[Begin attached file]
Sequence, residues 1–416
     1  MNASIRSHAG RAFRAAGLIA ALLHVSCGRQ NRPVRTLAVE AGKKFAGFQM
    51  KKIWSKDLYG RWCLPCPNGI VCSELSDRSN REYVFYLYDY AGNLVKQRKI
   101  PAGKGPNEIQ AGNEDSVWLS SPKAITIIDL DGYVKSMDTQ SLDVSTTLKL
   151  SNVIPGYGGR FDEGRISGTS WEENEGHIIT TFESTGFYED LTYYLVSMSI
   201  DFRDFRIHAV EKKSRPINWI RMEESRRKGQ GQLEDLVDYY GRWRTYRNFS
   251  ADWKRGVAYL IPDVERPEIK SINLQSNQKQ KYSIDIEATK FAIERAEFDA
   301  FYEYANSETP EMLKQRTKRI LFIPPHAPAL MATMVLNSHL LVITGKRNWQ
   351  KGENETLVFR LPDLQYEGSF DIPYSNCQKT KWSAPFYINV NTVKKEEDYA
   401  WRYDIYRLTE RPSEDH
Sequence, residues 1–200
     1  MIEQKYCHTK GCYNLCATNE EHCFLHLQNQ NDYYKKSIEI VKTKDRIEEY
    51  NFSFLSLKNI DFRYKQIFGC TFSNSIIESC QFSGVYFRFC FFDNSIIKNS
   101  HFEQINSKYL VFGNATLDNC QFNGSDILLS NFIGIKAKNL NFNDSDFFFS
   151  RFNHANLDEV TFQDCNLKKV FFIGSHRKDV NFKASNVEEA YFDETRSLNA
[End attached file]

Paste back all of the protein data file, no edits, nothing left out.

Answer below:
Sequence, residues 1–416
     1  MNASIRSHAG RAFRAAGLIA ALLHVSCGRQ NRPVRTLAVE AGKKFAGFQM
    51  KKIWSKDLYG RWCLPCPNGI VCSELSDRSN REYVFYLYDY AGNLVKQRKI
   101  PAGKGPNEIQ AGNEDSVWLS SPKAITIIDL DGYVKSMDTQ SLDVSTTLKL
   151  SNVIPGYGGR FDEGRISGTS WEENEGHIIT TFESTGFYED LTYYLVSMSI
   201  DFRDFRIHAV EKKSRPINWI RMEESRRKGQ GQLEDLVDYY GRWRTYRNFS
   251  ADWKRGVAYL IPDVERPEIK SINLQSNQKQ KYSIDIEATK FAIERAEFDA
   301  FYEYANSETP EMLKQRTKRI LFIPPHAPAL MATMVLNSHL LVITGKRNWQ
   351  KGENETLVFR LPDLQYEGSF DIPYSNCQKT KWSAPFYINV NTVKKEEDYA
   401  WRYDIYRLTE RPSEDH
Sequence, residues 1–200
     1  MIEQKYCHTK GCYNLCATNE EHCFLHLQNQ NDYYKKSIEI VKTKDRIEEY
    51  NFSFLSLKNI DFRYKQIFGC TFSNSIIESC QFSGVYFRFC FFDNSIIKNS
   101  HFEQINSKYL VFGNATLDNC QFNGSDILLS NFIGIKAKNL NFNDSDFFFS
   151  RFNHANLDEV TFQDCNLKKV FFIGSHRKDV NFKASNVEEA YFDETRSLNA